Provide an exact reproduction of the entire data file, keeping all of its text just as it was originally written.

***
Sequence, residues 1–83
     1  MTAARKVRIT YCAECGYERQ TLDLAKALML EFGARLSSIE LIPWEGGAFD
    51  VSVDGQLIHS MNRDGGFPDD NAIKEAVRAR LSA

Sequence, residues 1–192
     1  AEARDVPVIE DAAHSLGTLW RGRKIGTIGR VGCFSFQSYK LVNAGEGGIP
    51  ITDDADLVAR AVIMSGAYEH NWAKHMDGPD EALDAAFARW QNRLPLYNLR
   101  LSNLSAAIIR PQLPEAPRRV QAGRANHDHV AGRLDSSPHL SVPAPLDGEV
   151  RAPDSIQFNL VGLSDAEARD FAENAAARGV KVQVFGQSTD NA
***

Sequence, residues 1–83
     1  MTAARKVRIT YCAECGYERQ TLDLAKALML EFGARLSSIE LIPWEGGAFD
    51  VSVDGQLIHS MNRDGGFPDD NAIKEAVRAR LSA

Sequence, residues 1–192
     1  AEARDVPVIE DAAHSLGTLW RGRKIGTIGR VGCFSFQSYK LVNAGEGGIP
    51  ITDDADLVAR AVIMSGAYEH NWAKHMDGPD EALDAAFARW QNRLPLYNLR
   101  LSNLSAAIIR PQLPEAPRRV QAGRANHDHV AGRLDSSPHL SVPAPLDGEV
   151  RAPDSIQFNL VGLSDAEARD FAENAAARGV KVQVFGQSTD NA